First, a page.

Department Of Science And Technology Grants

By | December 17, 2021

Department Of Science And Technology Grants, African countries have been urged to take advantage of existing science and technology funding models, such as the EU’s Horizon 2020 initiative, in order to achieve the continent’s development agenda.

Science, technology and innovation have been identified as critical for unlocking development on the African continent, which is battling a huge disease burden, food insecurity and climate site2016.

This week African and European research funders met at the ERAfrica closing conference in Pretoria to discuss various funding models, like Horizon 2020, the African Union research agenda, and the Developing African-European joint collaboration for science and technology (ERAfrica).

Their main task was to review the ERAfrica cooperationprogramme,aimed at fostering closer collaboration and funding of scientific and technological research between Europe and Africa.  ERAfrica was established as a three-year funding project between Africa and Europe through calls for proposals in areas such as renewable energy, the interface between societal challenges, and ideas-driven research in any field.

The partners had committed €10,8 million to support cooperation between African and European researchers responding to the call, and have invested €8,29 million in 17 successful projects. The Department of Science and Technology (DST) has committed over €1 million to fund South African researchers participating in ERAfrica projects.  South African researchers are participating in 13 of the successful proposals.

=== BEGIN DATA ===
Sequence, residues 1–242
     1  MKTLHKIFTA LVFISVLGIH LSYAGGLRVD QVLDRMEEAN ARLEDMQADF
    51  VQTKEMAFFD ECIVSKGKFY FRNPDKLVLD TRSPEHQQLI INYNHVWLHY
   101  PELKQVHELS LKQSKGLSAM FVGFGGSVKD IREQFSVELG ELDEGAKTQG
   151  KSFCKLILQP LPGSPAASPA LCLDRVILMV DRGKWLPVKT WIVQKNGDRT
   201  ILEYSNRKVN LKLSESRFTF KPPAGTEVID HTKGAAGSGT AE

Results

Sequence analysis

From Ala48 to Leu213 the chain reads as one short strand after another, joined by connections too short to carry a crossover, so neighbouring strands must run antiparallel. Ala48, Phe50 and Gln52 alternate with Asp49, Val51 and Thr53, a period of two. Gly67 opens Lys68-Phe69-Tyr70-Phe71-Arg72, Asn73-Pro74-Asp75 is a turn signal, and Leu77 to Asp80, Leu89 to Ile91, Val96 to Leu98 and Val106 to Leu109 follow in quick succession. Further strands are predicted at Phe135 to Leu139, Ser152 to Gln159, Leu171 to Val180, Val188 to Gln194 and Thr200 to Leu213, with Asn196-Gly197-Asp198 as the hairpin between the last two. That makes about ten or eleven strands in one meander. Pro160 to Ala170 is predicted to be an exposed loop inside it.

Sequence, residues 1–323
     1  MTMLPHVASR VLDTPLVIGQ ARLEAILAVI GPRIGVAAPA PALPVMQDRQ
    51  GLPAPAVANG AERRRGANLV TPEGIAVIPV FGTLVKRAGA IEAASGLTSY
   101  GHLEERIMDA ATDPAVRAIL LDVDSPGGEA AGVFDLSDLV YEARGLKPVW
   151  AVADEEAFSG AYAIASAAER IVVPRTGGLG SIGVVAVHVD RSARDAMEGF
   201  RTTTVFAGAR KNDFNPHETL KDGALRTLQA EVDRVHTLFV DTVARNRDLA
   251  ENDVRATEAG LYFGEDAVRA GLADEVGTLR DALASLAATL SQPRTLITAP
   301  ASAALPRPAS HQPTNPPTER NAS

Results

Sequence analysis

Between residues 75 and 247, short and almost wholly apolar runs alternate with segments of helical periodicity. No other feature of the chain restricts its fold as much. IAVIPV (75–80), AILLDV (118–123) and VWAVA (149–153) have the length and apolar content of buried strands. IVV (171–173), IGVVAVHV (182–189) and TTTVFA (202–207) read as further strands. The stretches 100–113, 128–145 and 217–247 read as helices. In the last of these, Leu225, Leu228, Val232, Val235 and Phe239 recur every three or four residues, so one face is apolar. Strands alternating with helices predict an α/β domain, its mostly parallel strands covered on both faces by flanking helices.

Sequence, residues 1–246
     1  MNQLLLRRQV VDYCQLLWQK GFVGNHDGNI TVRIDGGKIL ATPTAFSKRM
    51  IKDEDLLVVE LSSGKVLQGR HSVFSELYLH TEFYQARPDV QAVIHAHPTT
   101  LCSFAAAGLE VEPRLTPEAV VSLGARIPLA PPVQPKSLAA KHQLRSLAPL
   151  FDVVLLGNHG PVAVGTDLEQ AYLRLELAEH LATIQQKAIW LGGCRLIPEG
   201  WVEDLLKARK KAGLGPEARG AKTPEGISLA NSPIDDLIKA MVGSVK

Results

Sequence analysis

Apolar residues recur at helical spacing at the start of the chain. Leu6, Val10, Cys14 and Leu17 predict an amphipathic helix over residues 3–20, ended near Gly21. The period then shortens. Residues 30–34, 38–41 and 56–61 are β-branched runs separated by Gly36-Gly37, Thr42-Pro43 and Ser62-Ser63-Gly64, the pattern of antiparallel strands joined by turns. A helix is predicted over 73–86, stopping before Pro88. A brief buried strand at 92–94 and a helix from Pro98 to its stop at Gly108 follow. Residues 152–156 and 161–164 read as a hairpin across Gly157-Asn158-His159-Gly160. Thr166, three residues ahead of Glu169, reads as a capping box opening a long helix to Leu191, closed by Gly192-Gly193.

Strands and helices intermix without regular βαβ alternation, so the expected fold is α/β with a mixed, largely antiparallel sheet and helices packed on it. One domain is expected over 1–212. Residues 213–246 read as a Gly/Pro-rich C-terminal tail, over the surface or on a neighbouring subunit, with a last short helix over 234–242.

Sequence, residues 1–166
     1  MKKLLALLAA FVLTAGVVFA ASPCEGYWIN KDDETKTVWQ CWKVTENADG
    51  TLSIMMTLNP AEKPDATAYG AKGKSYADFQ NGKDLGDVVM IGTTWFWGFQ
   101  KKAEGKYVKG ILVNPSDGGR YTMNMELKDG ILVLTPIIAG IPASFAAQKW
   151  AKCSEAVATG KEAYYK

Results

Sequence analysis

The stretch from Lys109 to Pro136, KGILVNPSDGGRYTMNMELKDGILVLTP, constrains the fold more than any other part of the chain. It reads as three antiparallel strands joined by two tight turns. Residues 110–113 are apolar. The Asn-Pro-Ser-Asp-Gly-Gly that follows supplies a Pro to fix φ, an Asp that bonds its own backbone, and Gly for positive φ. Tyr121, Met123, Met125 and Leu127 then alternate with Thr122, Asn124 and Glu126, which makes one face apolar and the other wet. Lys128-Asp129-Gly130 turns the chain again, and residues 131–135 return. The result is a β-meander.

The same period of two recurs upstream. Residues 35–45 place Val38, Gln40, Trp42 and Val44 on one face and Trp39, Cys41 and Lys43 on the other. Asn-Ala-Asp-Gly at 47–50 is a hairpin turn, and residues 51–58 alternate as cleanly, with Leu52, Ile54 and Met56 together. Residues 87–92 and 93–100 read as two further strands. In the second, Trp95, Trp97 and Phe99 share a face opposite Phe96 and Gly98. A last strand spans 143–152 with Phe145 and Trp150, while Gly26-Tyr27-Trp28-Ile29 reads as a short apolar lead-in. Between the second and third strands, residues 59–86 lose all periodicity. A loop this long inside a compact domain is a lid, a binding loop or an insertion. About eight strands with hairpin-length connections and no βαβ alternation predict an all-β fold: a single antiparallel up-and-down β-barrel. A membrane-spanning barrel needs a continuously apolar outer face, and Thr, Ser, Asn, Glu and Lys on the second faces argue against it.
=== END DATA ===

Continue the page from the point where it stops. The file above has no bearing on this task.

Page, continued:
Funding partners include Austria, Belgium, Burkina Faso, Côte d’Ivoire, Egypt, Finland, France, Germany, Kenya, the Netherlands, Norway, Portugal, South Africa, Switzerland and Turkey.

Speaking at the conference, Mr Stéphane Hogan, European Union (EU) Minister-Counsellor for Research and Innovation, said there were few initiatives in Africa that could take advantage of the ERAfrica model.

“The EU is willing to commit to further funding to ERAfrica.  However, it has to be sustainable and we would like to see the extension of the current model – as a streamlined process to enable rapid implementation of specific calls,” said Mr Hogan.

The EU considers ERAfrica a success, and a promising model which could enhance cooperation between Africa and Europe, address specific challenges and increase ownership.

“This is a model with a strategic focus.  It can work and promotes EU-Africa collaboration as well as collaboration among African countries.  It has the potential to reduce dependency on international donors,” said Mr Hogan.

He emphasised that ERAfrica needed to be sustainable and flexible, foster further development and be streamlined with other development projects on the continent.

DST Deputy Director-General for International Cooperation and Resources, Daan du Toit, said ERAfrica was a good example of how Africa and Europe could join forces to put science and technology at work to fight hunger, disease, poverty and inequality.

“For the first time we have a joint research programme between the two continents that has been truly co-designed and co-funded by both partners, as equals.  The thematic focus of the projects funded on societal challenges is also important to highlight.”

Mr Du Toit said the DST was committed to ensuring that the momentum achieved by ERAfrica was not lost and that the Department was looking forward to implementing a second phase of the programme, learning from the experience of the first phase and showing even greater ambition.